The educational landscape is an ever-changing entity, reacting mostly to shifts in population and the academic needs of a community. As such, hundreds of high schools have opened and closed in the past century in Maryland. A majority of schools that closed were small, rural community schools that never fielded football programs — in fact, several didn’t even offer athletic programs at all. This list, however, is dedicated to two specific groups — Maryland high schools that had football and have since closed AND Maryland high schools that still exist but ceased offering high school football, at least as of 2014.
The point of this list is to not forget the schools and programs that have come and gone over the past century. I have included base information about the school/program’s existence, but I’m keeping it in a short format. It is important to note, this is not a complete list. I am certain there are other high school football programs/schools that have since disappeared from the state landscape. If you know of a school that fielded varsity football and is not listed OR you can add additional/corrected information about a listed school and its history, please email me through the contact list in the lower left corner of the home page. Footnotes for additional detail and resources will be added at a later date.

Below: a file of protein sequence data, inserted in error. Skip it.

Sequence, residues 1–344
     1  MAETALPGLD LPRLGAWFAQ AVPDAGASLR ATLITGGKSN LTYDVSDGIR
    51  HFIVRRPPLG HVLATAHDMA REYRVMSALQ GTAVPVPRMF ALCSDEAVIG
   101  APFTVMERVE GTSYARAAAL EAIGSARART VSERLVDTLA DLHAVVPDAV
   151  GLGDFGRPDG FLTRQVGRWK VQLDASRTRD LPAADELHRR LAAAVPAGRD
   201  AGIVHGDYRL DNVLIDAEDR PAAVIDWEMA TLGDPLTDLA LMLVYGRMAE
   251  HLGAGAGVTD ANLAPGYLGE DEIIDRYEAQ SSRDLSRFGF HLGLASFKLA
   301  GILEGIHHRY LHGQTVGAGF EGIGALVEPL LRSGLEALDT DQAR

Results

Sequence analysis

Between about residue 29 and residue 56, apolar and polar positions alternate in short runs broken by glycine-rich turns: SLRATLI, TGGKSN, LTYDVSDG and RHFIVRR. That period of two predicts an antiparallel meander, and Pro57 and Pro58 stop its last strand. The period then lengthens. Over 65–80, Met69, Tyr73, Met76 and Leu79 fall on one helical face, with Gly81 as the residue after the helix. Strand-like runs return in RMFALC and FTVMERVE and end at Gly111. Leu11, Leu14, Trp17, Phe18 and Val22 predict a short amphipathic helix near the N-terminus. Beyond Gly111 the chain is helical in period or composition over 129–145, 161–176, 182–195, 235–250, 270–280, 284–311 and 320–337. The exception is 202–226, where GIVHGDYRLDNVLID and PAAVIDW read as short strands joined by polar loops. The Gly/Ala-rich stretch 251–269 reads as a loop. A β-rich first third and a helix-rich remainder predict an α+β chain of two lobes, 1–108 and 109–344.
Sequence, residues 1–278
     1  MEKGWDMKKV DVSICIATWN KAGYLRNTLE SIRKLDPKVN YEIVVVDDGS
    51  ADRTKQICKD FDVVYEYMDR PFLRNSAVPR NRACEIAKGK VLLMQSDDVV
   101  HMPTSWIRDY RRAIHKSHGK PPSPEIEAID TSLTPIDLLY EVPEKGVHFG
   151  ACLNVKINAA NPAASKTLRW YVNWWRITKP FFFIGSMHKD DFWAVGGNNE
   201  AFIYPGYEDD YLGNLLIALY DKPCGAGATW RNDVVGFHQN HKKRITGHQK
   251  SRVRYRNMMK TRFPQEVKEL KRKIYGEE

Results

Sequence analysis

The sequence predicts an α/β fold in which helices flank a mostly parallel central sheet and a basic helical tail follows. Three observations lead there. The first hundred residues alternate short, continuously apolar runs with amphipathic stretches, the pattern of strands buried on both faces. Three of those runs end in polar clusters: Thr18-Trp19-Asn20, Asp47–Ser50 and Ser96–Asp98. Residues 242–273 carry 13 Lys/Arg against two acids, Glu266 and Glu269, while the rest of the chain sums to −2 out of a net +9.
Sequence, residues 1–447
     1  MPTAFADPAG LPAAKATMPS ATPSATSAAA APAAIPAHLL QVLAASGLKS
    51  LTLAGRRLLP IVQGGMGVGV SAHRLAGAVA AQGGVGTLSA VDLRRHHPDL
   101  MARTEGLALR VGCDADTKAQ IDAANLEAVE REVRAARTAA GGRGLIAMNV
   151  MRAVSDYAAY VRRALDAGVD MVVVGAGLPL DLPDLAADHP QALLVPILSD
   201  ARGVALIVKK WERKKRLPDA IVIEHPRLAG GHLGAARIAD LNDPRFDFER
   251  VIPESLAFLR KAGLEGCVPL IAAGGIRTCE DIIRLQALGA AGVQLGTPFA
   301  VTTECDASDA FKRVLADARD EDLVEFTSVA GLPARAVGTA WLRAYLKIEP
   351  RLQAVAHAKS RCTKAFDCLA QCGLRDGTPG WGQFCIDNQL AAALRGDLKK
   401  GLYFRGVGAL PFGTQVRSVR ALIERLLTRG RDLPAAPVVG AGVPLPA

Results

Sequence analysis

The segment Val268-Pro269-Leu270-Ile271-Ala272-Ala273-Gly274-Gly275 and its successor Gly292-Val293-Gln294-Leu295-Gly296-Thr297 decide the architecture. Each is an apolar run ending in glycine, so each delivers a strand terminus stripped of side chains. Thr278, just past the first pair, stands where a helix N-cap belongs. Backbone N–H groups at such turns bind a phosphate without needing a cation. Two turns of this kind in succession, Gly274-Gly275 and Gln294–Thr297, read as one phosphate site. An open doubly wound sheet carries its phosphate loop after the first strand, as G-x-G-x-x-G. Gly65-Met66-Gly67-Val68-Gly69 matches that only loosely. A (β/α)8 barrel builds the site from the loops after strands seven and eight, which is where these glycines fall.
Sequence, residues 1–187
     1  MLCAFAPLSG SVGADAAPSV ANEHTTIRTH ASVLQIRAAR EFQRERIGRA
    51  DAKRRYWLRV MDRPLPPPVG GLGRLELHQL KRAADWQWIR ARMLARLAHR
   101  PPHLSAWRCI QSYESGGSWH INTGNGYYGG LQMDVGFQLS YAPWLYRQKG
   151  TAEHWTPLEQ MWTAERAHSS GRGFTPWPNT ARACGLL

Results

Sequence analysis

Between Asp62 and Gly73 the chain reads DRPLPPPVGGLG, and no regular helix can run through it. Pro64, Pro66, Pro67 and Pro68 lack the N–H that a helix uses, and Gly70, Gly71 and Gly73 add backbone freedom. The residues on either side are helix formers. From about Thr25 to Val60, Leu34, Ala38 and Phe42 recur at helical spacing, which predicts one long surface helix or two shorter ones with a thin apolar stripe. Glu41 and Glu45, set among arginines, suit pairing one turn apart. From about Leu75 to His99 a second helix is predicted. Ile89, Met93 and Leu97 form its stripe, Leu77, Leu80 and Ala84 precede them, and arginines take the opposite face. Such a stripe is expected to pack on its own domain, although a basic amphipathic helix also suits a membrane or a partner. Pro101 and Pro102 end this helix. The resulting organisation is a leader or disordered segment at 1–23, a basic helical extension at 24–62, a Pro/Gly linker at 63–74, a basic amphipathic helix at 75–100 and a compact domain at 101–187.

Schools are listed in alphabetical order with location, county, years in existence and detail (if available). [Note, college programs and local YMCA and recreation teams that competed against Maryland high school teams — a common occurrence prior to 1930 — are excluded from the list.]
EXISTING HIGH SCHOOLS THAT NO LONGER OFFER FOOTBALL
Bishop Walsh, Cumberland, Md., Allegany County, Football: 1966-2012. Imagine going 9-1 and then calling it quits. That’s exactly what happened at Bishop Walsh. The school offered football from its inception in 1966 through the 2012 season, and officially disbanded June 13, 2013, two months prior to the start of practice for the 2013 season. Bishop Walsh was created from the merger of four smaller Catholic schools in Cumberland, including LaSalle, which offered football from the 1920s until its was closed. Bishop Walsh went 9-1 in its final year of play in 2012, but an end-of-the-year team meeting showed only 20 students were interested in playing the following year and the school’s administration decided to end the program. The school considered ended the program two years earlier for similar reasons, but opted at the time to continue competing. The school is named in honor of the Bishop James Walsh, a Cumberland-born missionary who preached in China and was imprisoned in solitary confinement by its Communist government for 12 years.
Carver A&T, Baltimore, Md., Baltimore County, Football: 1995. Carver A&T opened in 1993, fielded its first and only varsity football team in 1995, promptly went 0-10 and disbanded the program. It holds the distinction of being one of only two one-year programs in Maryland that went 0-10. [The other was St. Mary’s Ospreys.] In 2008, the school was renamed George Washington Carver Center for Arts and Technology.